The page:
Strintzis' Ionian Island and Ionian Galaxy caused a sensation on Greece-Italy operations when introduced in 1987/88. Converted from the Japanese Albiero and Arkas they set new standards of luxury in the final years before the advent of Superfast. After the Iraq War in 2003 the two ships were sold and used to institute a service between Dubai and Iraq as the Merdif 1 and Merdif 2. Whilst the latter for now survives, the Merdif 1 was despatched for breaking in India in the Summer of 2010 but is seen here in happier days as the Ionian Island in August 1999.

    The Menhir, seen here laid up in Amberlaki in 2007, was built for Skagerrak use as the Christian IV in 1968 but whose career went on to encompass use as a troop transport, and later again as a ferry in Madeira. Displaced from this in 2003 she spent her final five years laid up in Greece before being reported sold for scrap in September 2010.

    The Menhir, seen here laid up in Amberlaki in 2007, was built for Skagerrak use as the Christian IV in 1968 but her career went on to encompass use as a troop transport, and later again as a ferry in Madeira. Displaced from this in 2003 she spent her final five years laid up in Greece before being reported sold for scrap in September 2010.

    The Panagia Hozoviotissa, seen here leaving Sifnos in 2005 in A K Ventouris colours, was sold by final operators NEL Lines for demolition in Turkey in May. Locally built in 1977, she spent all of her career in Greek waters except for an unexpected mid-life break in the Balearics where, as the Isla de Ibiza, she became one of Balearia's first ships.

    The Panagia Hozoviotissa, seen here leaving Sifnos in 2005 in A K Ventouris colours, was sold by final operators NEL Lines for demolition in Turkey in May. Locally built in 1977, she spent all of her career in Greek waters except for an unexpected mid-life break in the Balearics where, as the Isla de Ibiza, she became one of Balearia's first ships.

    Sold out of the Greek fleet in 2006, the Express Adonis (ex-Ailsa Princess, Earl Harold) spent her final years as a bottom of the market Indian cruise ship, the New Caribbean Princess. Broadly unchanged from her mid-life Sealink 'Sunliner' refit, she was sold to local breakers in April but is seen here towards the end of her Aegean career, in 2003.

    Sold out of the Greek fleet in 2006, the Express Adonis (ex-Ailsa Princess, Earl Harold) spent her final years as a bottom of the market Indian cruise ship, the New Caribbean Princess. Broadly unchanged from her mid-life Sealink 'Sunliner' refit, she was sold to local breakers in April but is seen here towards the end of her Aegean career, in 2003.

    The Erotokritos T of Endeavor Lines had, in her 19 year Southern Europe career, become one of the most famous Greek ferries. Built as the Japanese Ishikari in 1974, she was acquired by Minoan Lines in 1991 and converted for Adriatic use. Endeavor Lines acquired her in 2007 and she maintained their services out of Brindisi until the end. A classic of her type, her forward accommodation block was mostly intact Japanese from her original incarnation, including an intricately executed grand staircase.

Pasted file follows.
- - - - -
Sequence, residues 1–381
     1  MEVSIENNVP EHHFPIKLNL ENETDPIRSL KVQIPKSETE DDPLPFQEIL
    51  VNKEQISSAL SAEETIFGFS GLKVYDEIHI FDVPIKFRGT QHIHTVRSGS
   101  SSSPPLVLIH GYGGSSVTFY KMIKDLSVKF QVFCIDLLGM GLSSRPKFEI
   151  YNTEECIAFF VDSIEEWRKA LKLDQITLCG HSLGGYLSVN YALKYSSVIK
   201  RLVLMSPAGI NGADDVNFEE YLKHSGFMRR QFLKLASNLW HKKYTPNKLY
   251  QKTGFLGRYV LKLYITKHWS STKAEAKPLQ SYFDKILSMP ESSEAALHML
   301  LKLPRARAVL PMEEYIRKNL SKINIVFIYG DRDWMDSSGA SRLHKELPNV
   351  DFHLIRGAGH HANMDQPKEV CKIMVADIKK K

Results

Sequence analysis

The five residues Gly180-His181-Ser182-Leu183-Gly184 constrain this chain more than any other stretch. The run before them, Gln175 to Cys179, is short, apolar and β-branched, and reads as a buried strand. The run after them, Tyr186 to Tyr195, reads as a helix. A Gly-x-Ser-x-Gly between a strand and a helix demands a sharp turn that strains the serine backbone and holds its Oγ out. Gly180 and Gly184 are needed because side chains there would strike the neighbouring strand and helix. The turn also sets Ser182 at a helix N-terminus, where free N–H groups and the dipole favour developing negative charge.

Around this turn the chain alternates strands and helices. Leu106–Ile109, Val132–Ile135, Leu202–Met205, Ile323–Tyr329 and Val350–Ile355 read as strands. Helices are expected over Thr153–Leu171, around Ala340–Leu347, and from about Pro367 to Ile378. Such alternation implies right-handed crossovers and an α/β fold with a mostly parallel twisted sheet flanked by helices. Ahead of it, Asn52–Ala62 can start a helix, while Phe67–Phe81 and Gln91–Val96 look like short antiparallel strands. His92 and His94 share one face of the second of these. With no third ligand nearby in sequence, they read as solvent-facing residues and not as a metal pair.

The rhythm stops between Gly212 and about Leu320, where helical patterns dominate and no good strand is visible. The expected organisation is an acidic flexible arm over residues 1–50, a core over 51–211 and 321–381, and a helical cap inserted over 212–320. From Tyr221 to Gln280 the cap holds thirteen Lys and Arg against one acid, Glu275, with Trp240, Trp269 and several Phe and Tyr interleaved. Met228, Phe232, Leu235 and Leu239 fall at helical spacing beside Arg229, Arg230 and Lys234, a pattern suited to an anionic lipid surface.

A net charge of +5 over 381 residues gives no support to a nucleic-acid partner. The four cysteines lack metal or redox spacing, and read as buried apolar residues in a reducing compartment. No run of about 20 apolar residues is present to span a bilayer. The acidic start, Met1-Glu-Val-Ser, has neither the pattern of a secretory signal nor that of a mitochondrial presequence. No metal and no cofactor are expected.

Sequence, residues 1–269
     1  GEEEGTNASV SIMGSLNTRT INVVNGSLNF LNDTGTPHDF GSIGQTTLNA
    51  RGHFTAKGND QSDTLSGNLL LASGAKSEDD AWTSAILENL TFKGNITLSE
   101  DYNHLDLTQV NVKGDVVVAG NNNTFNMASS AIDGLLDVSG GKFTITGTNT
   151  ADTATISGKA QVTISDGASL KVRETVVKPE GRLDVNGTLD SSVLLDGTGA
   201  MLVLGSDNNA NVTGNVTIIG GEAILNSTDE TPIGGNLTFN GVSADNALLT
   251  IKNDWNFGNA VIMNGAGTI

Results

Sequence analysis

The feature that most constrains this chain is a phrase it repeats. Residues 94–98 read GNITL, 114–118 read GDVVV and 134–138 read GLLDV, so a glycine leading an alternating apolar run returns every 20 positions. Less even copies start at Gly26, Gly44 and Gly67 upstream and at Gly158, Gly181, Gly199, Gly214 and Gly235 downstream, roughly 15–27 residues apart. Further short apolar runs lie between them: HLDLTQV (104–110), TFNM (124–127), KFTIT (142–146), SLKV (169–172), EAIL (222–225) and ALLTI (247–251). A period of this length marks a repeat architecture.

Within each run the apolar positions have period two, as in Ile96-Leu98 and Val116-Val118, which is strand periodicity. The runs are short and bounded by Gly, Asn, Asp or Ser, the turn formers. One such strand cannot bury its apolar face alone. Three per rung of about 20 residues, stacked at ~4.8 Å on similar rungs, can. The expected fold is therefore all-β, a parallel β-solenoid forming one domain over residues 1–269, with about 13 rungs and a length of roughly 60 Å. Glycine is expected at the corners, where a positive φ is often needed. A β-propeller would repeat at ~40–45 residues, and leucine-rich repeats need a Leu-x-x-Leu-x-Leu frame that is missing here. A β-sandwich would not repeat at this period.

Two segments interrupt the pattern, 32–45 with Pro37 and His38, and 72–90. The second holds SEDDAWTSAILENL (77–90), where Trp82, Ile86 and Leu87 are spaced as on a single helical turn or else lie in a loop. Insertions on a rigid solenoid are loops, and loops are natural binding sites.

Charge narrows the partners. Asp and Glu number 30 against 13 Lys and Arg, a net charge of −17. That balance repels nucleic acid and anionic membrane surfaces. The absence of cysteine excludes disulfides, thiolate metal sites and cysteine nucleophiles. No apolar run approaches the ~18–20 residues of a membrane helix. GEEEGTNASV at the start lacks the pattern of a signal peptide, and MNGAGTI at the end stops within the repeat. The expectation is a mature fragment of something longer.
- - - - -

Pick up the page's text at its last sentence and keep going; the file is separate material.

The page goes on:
Farewell Mette Mols, Balkanija, Istra

    A few weeks ago, Jadrolinija’s Istra was sold for scrapping in Turkey. As the Mette Mols, Mols Linien’s very first ship, she was the lead vessel of what became a very successful class of four completed by the Aalborg shipyard between 1966 and 1969. Passing to Jadrolinija in 1981, initially as the Balkanija, the Istra is the first of the quartet to pass for scrap.

    Her demise is not entirely unexpected: for most of the past decade there have been rumours that every season may be her last. Her engines were in notoriously poor shape – one wonders if the engine room explosion which forced her passengers to flee in the lifeboats back in 1970 had any long-term impact. The Croatians made her work however and, although long since relegated from the coastal express or international services, she was still a local favourite as she chugged slowly along from Split to Stari Grad, Hvar Town, Vela Luka or Ubli.

    On board she was a time warp: although she had been modified in places over the years, particularly with the addition of a Duty Free shop and a small number of cabins in part of the aft cafeteria, she was in many places still that pioneering little Danish domestic ferry right to the end and was maintained in pretty good general condition, all things considered. In her final seasons, even the former first class restaurant on the upper passenger deck was tidied up, the Italian rosewood panelling polished, white tablecloths laid and the tiny galley pressed into action to produce some unexpectedly good lunches.

    The Istra's main lobby.

    The Istra's main lobby.